The important thing now is to tell them hope is the biggest savour. They will get through this too.
Is asylum the answer?
I wouldn’t jump the gun there with American President Joe Biden saying that withdrawal from Afghanistan will be completed by August 31 and the Taliban announcing that no evacuation of locals will be allowed.
Even if they did leave the country, it’s not an easy life, resettling in a foreign land, as I have seen all those years ago.
So I want to tell the girls and women to be strong.
Their grandmothers and mothers have gone through this and come out stronger. They will survive.
What gives you hope in these dark times?
The Taliban will need to compromise if they want to run a government and be accepted by the international community. Else, there will be repercussions.
So the people there need to be calm for now, and strong.
Life is full of surprises.
You never know what could happen tomorrow.
I’m taking sessions with orphans in the age group of 12-16. And I have seen that yoga and meditation helps.
In yoga, you don’t wait for the fever to come to treat yourself.
You treat yourself beforehand, so you don’t get a fever.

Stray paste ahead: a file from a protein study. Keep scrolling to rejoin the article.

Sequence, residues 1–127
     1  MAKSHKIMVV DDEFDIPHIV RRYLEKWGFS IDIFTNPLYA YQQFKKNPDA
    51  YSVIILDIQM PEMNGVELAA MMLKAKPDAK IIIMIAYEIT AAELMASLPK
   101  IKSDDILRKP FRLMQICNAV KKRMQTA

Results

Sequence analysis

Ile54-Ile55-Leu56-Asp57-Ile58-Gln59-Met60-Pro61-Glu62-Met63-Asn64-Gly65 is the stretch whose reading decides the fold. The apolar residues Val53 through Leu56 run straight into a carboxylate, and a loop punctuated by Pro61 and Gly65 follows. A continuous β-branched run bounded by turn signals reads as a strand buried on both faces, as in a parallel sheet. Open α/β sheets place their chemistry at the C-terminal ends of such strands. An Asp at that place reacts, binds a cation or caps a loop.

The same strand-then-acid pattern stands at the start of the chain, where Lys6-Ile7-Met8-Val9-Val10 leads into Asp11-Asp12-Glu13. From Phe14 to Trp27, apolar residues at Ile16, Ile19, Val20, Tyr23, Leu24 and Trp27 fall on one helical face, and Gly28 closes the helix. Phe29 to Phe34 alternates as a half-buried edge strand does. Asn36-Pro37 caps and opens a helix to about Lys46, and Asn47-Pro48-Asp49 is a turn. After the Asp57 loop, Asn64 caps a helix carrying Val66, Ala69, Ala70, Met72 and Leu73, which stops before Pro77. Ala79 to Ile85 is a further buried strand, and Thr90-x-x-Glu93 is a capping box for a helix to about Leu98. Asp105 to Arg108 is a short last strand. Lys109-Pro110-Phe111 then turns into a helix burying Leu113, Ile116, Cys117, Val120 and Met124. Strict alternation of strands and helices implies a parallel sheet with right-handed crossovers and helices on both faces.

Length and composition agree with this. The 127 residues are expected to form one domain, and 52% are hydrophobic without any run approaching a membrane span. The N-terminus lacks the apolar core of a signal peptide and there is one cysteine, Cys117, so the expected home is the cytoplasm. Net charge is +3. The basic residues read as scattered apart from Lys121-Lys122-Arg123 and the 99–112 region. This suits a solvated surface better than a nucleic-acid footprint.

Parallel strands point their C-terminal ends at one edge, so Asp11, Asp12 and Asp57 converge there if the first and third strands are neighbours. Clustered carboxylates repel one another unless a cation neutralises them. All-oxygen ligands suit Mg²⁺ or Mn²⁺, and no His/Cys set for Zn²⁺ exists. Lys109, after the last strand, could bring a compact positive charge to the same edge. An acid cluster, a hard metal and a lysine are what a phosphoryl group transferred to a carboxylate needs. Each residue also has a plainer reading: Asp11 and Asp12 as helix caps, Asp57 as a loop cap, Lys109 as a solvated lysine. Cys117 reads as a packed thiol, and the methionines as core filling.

Right now, the fever is high, give it time to subside.
Then, ensure that you don’t get a fever again.
That sounds very personal, like it is coming from deep within.
It is. In 1999, my car met with an accident near Mumbai’s Chowpatty beach early one morning.
My body was shattered. I was in a coma for 29 days.
My family, the doctors, had given me up for dead.
But I held on to hope. I believed I could make it.
It was a long struggle, but here I am today.
I tackled fear and hopelessness through my writing, and I shared it with the world.
Anusual, my memoir, started with the idea of creating hope in hopeless times.
I wish I could share my story with the people in Afghanistan now.
I wish I could give them my own example to make them believe that there is a shining light, as they say in yoga.
Don’t curse, because then you will be cursed too.
That’s the cycle of nature.
Feel goodwill, even for those who are doing ill.
And know that there is always a ray of light at the end of the tunnel. What can break you, can make you, I know this from direct experience.